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Vietnam: US Firms Seek SE Asian Market

by Martin CrutsingerAssociated Press
November 14th, 2000

WASHINGTON -- American business is hungry for a share of the Vietnam market, seeking to meet its demand for soft drinks, consumer products and high-tech telecommunications services and to gain a foothold in the massive rebuilding of a country heavily damaged by U.S. warplanes a quarter-century ago.

More than 50 U.S. corporations are sending executives to Vietnam during President Clinton's three-day visit. The list reads like a who's who of multinational concerns including Boeing, Citigroup, Coca-Cola, General Electric, General Motors, Cisco Systems, Nike and Proctor & Gamble.

The companies either already have operations in Vietnam or want to get involved in a country they see as a vast untapped market of 78 million people, about the size of the population of Germany.

''This trip looks to the future as part of building a lasting relationship with an important country with vast potential,'' said Lionel Johnson, an executive of Citigroup. The giant banking corporation wants to expand its foothold in Vietnam -- two branch banks limited to offering services to foreign companies in Hanoi and Ho Chi Minh City.

The business leaders, who are paying their own way, will hear from Clinton and other Cabinet officials during a business forum scheduled for Ho Chi Minh City. The president also plans to tour a container loading facility to emphasize the potential for trade between the two nations if Congress next year approves the trade deal his administration signed with Vietnam in July.

That agreement will grant Vietnam the same low U.S. tariffs enjoyed by virtually all other nations, although Vietnam's trade privileges will be subject to annual review by Congress. That was the same status China had for the past two decades before Congress this year granted it permanent normal trade relations.

The normal trade tariffs average around 3 percent, a sharp reduction from the 40 percent average border duty Vietnamese goods now face.

In exchange for access to the world's largest market, Vietnam agreed to sharply lower its trade barriers to American goods, including cutting tariffs on a large number of farm products and manufactured goods, easing current barriers that keep U.S. banks and telecommunications firms out of the country and providing increased protection for U.S. investment and intellectual property rights.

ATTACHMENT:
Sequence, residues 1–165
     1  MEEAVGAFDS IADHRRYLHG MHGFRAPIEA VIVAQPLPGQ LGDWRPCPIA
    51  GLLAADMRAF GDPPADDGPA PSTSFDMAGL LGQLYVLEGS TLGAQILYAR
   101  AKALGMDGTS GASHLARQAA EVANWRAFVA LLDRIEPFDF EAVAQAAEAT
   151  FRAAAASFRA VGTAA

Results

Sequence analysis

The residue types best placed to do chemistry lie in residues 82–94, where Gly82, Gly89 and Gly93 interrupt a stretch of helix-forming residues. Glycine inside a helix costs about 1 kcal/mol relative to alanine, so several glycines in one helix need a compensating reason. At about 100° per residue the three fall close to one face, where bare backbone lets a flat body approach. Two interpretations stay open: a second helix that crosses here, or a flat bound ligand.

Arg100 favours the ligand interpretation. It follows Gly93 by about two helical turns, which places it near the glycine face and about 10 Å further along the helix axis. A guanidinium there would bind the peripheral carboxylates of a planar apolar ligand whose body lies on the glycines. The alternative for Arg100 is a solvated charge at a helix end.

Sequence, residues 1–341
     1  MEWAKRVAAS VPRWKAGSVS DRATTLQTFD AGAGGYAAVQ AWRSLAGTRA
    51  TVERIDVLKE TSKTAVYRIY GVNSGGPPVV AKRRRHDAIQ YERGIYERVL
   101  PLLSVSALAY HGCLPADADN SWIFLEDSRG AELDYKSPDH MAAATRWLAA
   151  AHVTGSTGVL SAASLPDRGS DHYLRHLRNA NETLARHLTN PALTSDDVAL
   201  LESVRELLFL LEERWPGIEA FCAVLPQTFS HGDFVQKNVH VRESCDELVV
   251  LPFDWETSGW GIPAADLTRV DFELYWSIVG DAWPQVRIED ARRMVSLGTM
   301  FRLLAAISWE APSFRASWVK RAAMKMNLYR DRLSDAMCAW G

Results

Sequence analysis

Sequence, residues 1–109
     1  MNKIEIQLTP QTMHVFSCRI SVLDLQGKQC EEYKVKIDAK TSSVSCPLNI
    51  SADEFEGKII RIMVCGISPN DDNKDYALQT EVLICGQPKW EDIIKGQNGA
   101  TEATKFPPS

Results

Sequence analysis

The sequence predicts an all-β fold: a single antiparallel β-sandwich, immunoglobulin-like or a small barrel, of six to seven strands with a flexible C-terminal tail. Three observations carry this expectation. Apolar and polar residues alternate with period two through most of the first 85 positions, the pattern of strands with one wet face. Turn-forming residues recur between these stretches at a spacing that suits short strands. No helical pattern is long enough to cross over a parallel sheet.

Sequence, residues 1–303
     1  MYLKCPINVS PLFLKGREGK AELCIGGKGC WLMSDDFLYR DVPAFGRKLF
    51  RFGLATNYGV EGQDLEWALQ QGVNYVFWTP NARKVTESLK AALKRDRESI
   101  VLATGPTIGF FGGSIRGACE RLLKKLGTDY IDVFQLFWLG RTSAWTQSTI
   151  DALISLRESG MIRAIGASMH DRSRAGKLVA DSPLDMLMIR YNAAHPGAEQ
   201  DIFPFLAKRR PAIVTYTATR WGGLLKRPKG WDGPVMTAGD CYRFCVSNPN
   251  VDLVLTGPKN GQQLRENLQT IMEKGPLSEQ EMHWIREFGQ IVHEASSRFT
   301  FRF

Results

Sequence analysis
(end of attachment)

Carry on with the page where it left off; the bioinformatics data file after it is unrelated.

It took a full year after negotiators had reached an agreement in principle to get the trade deal signed. Economic reformers in Hanoi had to overcome stiff resistance from communist hard-liners who wanted to protect the country's inefficient state-run companies.

Just as in China, the administration is hoping a U.S. policy of economic engagement will allow free-market capitalism and democracy to take hold.

But even the strongest boosters of increased economic ties with Vietnam concede that U.S. companies have faced numerous obstacles in the six years since Clinton lifted the U.S. trade embargo.

Frances Zwenig, a senior director at the US-ASEAN (Association of Southeast Asian Nations) Business Council, said Vietnam's decision to sign the trade deal showed that ''they want to join the global economy. ... Now businesses are willing to look at Vietnam again.''

Through July, U.S. imports from Vietnam totaled $448 million, a gain of nearly 60 percent from the same period a year ago, while U.S. exports to Vietnam totaled $223 million, also up by nearly 60 percent.

Major U.S. exports to Vietnam are industrial and office machinery, fertilizer, leather and other parts for shoes and telecommunications equipment.

Among the leading imports from Vietnam are coffee, fish and crude oil. But once the tariffs are lowered, the World Bank predicts that Vietnamese clothing shipments to the United States could jump 10-fold in just the first year.

It is that forecast that has U.S. labor unions worried, believing that the real reason American companies are interested in closer economic ties with Vietnam is to tap into that nation's low-wage work force to export back to the United States.

Nike, the U.S. shoe manufacturer, already produces around 10 percent of its total world output in Vietnam. Those shoes end up mainly in Europe because of the high U.S. tariffs.

Thea Lee, a trade economist with the AFL-CIO, which opposed permanent normal trade relations with China, said unions will fight the Vietnam deal because it does not include safeguards for worker rights and the environment. However, the agreement should face less trouble in Congress than the China deal because the Vietnamese economy is much smaller.

Analysts caution that businesses should not get carried away in their expectations, at least for the immediate future.

''American companies want to get on the ground floor so they don't lose out to competitors, but Vietnam still has a way to go economically,'' said Franklin Vargo, vice president for trade at the National Association of Manufacturers.





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